The move also came on the back of a continued decline in public-transport ridership. The decline started in 2001 and, by 2004, ridership numbers had fallen to a seven-year low.
The blame for the turn of events - which took place despite a rising population - fell squarely on fast-growing car ownership.
And, suddenly, the tide turned. COE prices began climbing, car growth slowed and public-transport ridership began to soar (fuelled doubly by Singapore's explosive population growth).
From 2005 to last year, public-transport ridership rose by a whopping 60 per cent to 6.65 million trips a day.
Here's another question: Was the system ready for that sudden and sizeable growth? Looking back, the obvious answer would be an emphatic "no".
But the Government has been working hard since 2012 to set things right - by beefing up the bus fleet with tax revenue, and by improving the reliability and capacity of the rail network.
These plans will take time to materialise. Meanwhile, ridership growth could accelerate. The Land Transport Authority expects the number of daily public-transport trips to hit 10 million by 2020 - an additional 3.35 million, or 50 per cent, in just five more years.
By then, the operation of the Downtown Line would have been in full swing and the various measures to improve capacity on all the existing rail lines would already be in place. All the 1,000 tax-funded public buses would also have been rolled out.
They would cater to 2.5 million to three million more trips a day. Which means that in the best-case scenario - where the system is working optimally and trips across the island are evenly spread out - there would still be a shortfall of 350,000 trips a day.
Which is why we will still need cars - more cars than we have today. Some people may say bicycles and car-sharing schemes will cater to some or all of these trips, but that is too idealistic a notion.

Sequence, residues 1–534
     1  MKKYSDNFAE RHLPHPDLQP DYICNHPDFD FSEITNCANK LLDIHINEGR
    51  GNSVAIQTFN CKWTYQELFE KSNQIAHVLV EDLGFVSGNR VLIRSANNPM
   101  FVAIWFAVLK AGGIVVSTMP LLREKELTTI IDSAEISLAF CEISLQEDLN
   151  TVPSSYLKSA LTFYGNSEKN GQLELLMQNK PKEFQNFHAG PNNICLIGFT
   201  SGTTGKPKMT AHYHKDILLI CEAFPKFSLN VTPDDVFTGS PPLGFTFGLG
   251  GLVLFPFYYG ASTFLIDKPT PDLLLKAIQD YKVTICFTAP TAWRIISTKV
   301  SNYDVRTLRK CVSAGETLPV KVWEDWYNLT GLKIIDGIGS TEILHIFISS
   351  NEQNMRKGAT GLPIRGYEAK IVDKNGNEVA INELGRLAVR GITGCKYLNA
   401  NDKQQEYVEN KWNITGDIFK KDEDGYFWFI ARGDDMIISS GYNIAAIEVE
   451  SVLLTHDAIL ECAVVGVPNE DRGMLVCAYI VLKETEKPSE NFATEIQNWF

Private cars here are used more efficiently and intensively than in other cities, going by their inordinately high annual mileage. Car owners have a propensity for trip-chaining, thus accomplishing several mobility tasks in one journey.
It is unlikely car-sharing will be a close substitute to ownership, especially when everybody wants to travel at the same time in the same direction.
Yes, an island state like Singapore cannot rely on cars for most of its mobility needs. But until its public-transport system is ready to cope, nudging people out of their cars will just cause more unhappiness than the move would ordinarily have caused. In short, timing is everything.
There is another reason - quite removed from mobility but just as valid - why a zero car growth policy is ill-conceived: It has a huge stifling effect on ambition and aspirations - perhaps, even foreign investments. Transport Minister Lui Tuck Yew himself recognised this when he said just over three years ago that he would not adopt a zero-growth policy.
With the notable exception of Hong Kong, most other leading cities have higher car ownership than Singapore's 117 per 1,000 residents. New York City is at 230, Tokyo, 260; London, 345; and Seoul, 210.
Yet, drivers in these cities use the car less than Singapore drivers, and take buses and trains far more frequently.
Some are top earners, but many others are not.